Wednesday, October 13, 2010
D is for DEAD POETS
The Rogue Speaks:
In 1819, John Keats wrote to his brother, George, "The great beauty of poetry is that it makes every thing, every place interesting."
If I, like John Keats, did absolutely nothing all day long but pursue that muse, I might find a lot of interest in a bird, or a ceramic pot(Ode on a Grecian Urn) and would no doubt use a multitude of words to describe such objects. Would those words pay my rent? 'Fraid not!
I spent some time online this afternoon trying to find the average salary for a poet in the U.S. The closest I could come up with was a single line from Answer.Com--"Most poets would be placed in the 'starving artist' category" period, the end. You can certainly be a poet if you want to, but don't expect poetry to keep a roof over your head, or food on the table. If you want to write poetry, you had better be independently wealthy, or only write in your spare time, after you have finished your "day job." I don't have much respect for people who do whatever they want to at the expense of others.
Back in Keats' day, I guess it wasn't unusual for creative souls to be "kept" by friends or mentors. Keats was trained in medicine, so he could have actually had a fairly decent annual salary. He could have married the love of his life, Fanny Brawne, and had some little Keats's running around the house. He could have written poetry on the weekends!!
Keats, however, chose to be that "starving artist." He had had a little money from a very meager estate left him and his siblings by their parents, but he gave his share to his brother George because George said he needed it. He was instantly sorry, because now he really was broke. Since he didn't want to be an Indian-giver, he began to depend on the kindness of his friends to take care of him so he could continue his dream to write poetry.
Does this plan sound acceptable to you? No, I didn't think so. Our mamas didn't raise us to lounge around all day thinking of ways to describe a Grecian urn, while the rest of the world was out working its collective ass off in order to eat. Our ancestors would be rollin' over for sure if we decided to live off other people while we pursued our "dream" of writing poems. We just weren't brought up that way.
"An honest day's work for an honest day's wage!"
If one of my kids told me he was quitting his job to write poetry full-time, I would very carefully spend EVERY PENNY of his portion of the inheritance from us immediately. If he is going to be that irresponsible, he doesn't deserve it.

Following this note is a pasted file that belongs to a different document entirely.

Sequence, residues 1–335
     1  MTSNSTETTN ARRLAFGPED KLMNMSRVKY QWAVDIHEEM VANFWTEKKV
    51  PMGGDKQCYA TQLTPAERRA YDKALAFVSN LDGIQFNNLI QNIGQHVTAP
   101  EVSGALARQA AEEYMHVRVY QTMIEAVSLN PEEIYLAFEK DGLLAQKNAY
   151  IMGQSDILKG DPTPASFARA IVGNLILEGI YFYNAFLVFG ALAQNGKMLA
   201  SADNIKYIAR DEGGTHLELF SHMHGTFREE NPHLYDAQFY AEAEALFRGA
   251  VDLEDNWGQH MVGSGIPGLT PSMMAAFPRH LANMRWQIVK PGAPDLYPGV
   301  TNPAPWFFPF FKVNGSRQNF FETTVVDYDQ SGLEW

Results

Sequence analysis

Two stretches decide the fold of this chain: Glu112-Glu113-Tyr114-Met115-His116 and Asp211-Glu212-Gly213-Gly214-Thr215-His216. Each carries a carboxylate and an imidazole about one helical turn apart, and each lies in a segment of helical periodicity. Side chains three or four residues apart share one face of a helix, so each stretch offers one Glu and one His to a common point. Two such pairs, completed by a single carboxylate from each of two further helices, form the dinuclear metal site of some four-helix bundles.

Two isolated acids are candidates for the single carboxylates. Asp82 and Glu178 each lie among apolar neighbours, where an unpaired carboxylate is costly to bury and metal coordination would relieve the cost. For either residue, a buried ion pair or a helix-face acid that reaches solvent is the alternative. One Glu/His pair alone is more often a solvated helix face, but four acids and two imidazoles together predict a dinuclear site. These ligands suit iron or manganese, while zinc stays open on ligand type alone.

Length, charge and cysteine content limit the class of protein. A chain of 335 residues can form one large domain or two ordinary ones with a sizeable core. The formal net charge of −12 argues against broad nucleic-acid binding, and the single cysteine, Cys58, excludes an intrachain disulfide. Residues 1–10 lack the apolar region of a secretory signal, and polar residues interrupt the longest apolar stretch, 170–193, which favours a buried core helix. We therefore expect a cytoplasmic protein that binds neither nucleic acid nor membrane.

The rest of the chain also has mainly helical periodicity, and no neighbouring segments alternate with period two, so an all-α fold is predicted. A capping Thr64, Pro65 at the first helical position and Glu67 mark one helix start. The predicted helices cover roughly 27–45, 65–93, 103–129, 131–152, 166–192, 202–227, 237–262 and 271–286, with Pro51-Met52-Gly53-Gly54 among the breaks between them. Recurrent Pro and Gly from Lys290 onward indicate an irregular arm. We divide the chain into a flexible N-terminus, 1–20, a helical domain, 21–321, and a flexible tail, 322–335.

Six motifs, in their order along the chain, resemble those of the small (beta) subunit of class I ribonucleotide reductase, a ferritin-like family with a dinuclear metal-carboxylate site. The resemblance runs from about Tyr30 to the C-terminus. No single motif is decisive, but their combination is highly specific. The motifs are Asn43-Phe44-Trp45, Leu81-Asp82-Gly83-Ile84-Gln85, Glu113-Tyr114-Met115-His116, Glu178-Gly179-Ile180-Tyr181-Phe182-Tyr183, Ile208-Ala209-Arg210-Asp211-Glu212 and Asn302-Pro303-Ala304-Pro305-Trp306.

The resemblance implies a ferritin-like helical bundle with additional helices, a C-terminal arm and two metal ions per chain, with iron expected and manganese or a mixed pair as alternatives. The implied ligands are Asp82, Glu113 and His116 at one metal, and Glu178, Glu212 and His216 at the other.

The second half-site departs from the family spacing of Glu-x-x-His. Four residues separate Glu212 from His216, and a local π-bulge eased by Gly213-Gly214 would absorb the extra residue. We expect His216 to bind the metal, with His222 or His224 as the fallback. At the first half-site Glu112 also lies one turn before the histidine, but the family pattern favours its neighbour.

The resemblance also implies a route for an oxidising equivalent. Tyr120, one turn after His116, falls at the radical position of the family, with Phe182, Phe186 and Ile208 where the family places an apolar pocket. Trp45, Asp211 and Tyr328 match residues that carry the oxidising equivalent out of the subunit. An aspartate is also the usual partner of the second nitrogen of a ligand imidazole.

Getting back to John Keats, he spent several years being "kept" by a friend, Charles Brown, who owned a duplex. He and Keats lived in one side of the duplex for 6 months out of the year, and then went south for the winter. Keats' girlfriend lived with her mother and siblings in the other side of the duplex. Brown tried to keep the two lovers apart, because he wanted Keats to become famous and rich, and then pay him back for all his years of care.
Brown pissed in his own chili one year and got the servant girl pregnant, so when winter came, he couldn't take Keats south with him, because he had to pay for child-care, etc. That was the beginning of the end for Keats. All of his other friends got together to figure out whose turn it was to "keep" Keats over the winter. One of the friends, an artist by the name of Joseph Severn, was wintering in Rome, so it was decided that he would take Keats.
Keats, in the meantime, had come down with consumption (TB) and was pretty sick and pretty depressed because he would have to be parted with the love of his life. Keats' brother, Tom, had died of consumption a few years before, and it was not a peaceful death. Keats was anguishing over his health and leaving his love, so he was in pretty bad mental shape when he and Severn left for Rome.
Severn really had his hands full with Keats in Rome. He couldn't work because Keats begged not to be left alone, and he was fast running out of money. The weather was lousy,and Keats kept getting sicker and sicker, until one day he died. The year was 1821. He was only 25 years old. Severn was not happy about having to notify Fanny that Keats had died. She was a teenager, and very hormonal. When she learned of Keats' death, she cut off her hair and starting wearing all black, and wandering the woods crying. This kept up for two or three years. Then she got over it.
Now you might think by reading this that I don't care much for poets or poetry, but actually I do. I have some wonderful friends who write poetry, and you will find some of their work on the right side of my blog. Even my granddaughter has a poem there. She's ll. I even write poetry myself. When I was younger, I wrote a lot of poetry, and was once asked by the mother of a Dutch friend to come and write in Holland because she thought I could get published there. Since I was married and had children at the time, I turned her down. I had responsibilities that came first.
I think I may have gone on way to long here, but let me just tell you that my favorite poet of all time is Robert Frost. When I was young, I once heard Frost read several of his own poems, including "Death of the Hired Man." I was spellbound, mesmerized, and in total awe. He was such a wonderful poet. Of course, he worked in a textile mill, as a teacher, and a cobbler, and as a farmer in order to support himself and his family. That makes him an extra special person in my book.
Whew! Alphabe-Thursday wears me out sometimes!